Personal Maps

Personal Map

How does it make you feel when someone remembers personal facts you once told them, e.g. “How is your son Mateo, did he like the Lego Avengers you gave him for his birthday?”. I feel appreciated, that someone has an interest in me and even remembers details I told them. Even though this person subsequently asks me for a favour.

Today I engage in communication with many people, and it can be difficult to remember every little detail. A way to deal with this amount information is to build mind maps about personal facts to remember details quickly. A mind-map is a visual and structured representation of information. The Management 3.0 book calls this mind map a Personal Map.

A hand-written mind-map is a good exercise to remember and structure information. It makes it easier to recall information even without the mind-map. Also, you can improve your sketching skills. However, sometimes I use an application to create mind-maps, such as XMind for Mac, as it is much easier to make changes, restructure and reformat the map. For every organisation, I use one Collection of Maps, for each person a sheet.

I use a stop-symbol to mark which topics to avoid. I also have a branch where I note what I like about the person. This helps to get a positive attitude when I have to deal with a person.

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Nevertheless, I rarely draw a personal map or even take notes during a private conversation. The conversation then seems much like an interrogation. Instead, I write down particular facts or draw a map after a conversation. I dedicated a notebook solely for Personal Maps. It is easy for me to see what I know about the person, what topics to avoid, what is missing or where I can follow-up.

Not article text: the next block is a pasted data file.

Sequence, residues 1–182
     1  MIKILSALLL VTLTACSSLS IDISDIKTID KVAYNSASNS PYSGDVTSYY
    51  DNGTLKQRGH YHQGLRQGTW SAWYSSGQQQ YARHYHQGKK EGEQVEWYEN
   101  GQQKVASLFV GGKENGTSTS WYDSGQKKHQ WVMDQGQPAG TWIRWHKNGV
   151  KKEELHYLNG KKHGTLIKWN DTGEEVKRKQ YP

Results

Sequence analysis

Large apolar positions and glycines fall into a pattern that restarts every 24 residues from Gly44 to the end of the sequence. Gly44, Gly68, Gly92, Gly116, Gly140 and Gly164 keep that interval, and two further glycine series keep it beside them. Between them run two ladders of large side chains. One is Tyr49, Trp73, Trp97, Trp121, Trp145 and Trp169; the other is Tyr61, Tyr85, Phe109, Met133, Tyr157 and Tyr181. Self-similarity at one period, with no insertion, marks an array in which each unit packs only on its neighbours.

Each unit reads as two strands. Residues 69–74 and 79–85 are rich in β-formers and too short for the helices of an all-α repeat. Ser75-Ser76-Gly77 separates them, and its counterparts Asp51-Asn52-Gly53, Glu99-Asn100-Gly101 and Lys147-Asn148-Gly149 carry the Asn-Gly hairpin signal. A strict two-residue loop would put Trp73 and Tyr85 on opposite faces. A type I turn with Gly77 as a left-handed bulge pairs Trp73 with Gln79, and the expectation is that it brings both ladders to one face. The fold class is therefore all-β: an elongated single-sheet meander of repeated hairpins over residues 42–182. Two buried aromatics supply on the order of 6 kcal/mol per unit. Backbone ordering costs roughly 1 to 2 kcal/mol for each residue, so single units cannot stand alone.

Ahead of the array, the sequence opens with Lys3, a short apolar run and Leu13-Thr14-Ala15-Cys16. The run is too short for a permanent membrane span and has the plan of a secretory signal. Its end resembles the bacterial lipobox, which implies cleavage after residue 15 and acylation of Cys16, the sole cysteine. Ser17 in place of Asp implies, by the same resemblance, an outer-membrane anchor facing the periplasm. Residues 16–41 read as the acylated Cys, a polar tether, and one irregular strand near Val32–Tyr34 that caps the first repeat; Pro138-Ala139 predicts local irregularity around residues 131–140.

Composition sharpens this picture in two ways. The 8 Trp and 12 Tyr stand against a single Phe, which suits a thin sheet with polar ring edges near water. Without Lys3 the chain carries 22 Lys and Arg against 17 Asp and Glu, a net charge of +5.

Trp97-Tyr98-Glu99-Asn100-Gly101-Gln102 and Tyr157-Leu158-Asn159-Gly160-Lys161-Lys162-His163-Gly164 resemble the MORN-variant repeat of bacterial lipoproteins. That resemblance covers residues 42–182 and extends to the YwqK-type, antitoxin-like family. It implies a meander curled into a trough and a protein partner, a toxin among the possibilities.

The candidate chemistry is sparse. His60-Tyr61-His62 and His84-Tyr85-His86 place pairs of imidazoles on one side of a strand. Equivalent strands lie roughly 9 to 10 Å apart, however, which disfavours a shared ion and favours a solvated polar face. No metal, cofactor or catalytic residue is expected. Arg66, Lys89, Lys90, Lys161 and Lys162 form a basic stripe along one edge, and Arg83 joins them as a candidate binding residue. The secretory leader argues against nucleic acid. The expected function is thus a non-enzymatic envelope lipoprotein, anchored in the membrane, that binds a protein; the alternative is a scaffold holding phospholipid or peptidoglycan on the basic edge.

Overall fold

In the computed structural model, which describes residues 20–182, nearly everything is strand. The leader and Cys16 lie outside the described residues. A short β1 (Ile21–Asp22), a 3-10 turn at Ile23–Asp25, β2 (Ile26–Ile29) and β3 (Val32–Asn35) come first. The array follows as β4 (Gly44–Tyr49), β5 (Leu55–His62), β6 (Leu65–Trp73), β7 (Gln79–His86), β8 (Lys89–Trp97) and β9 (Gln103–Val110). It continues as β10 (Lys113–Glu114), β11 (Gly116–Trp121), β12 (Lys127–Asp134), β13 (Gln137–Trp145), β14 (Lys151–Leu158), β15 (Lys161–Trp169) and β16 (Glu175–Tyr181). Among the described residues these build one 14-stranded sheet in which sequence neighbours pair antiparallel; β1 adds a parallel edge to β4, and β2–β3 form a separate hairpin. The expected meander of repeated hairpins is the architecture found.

Before a meeting, I have a quick look at the map. Even if this might sound superficial at first, people will feel appreciated. Remembering personal facts is a much better opener in a conversation than talking about the weather. Additionally, you learn about the other person, understand their point of view and know what is important to them. Moreover, you might also learn something new.

Further Readings

 

 

(Title Image by Rizky Djati Munggaran, Creative Commons 3.0)

Chris

Agile Practitioner, Trainer, Coach at vividbreeze consulting
Since the late 1990s Chris has been working in different projects for major national and international corporations, small businesses and start-ups, advising companies in areas from software architecture to project management. Chris has been part, led or coached project teams of different sizes. His field of expertise encompasses agile project management, business and requirements analysis as well as technical analysis, design and implementation.
Chris